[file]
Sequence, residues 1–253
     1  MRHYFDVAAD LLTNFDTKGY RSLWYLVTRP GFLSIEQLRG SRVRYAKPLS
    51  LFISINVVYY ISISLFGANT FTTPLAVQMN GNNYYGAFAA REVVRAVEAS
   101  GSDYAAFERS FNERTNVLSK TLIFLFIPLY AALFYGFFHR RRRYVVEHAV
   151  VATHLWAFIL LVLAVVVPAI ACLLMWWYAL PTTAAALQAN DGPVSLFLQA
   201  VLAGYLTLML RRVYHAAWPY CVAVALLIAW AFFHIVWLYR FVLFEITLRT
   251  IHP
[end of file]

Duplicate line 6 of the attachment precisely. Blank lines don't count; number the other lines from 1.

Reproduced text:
   201  VLAGYLTLML RRVYHAAWPY CVAVALLIAW AFFHIVWLYR FVLFEITLRT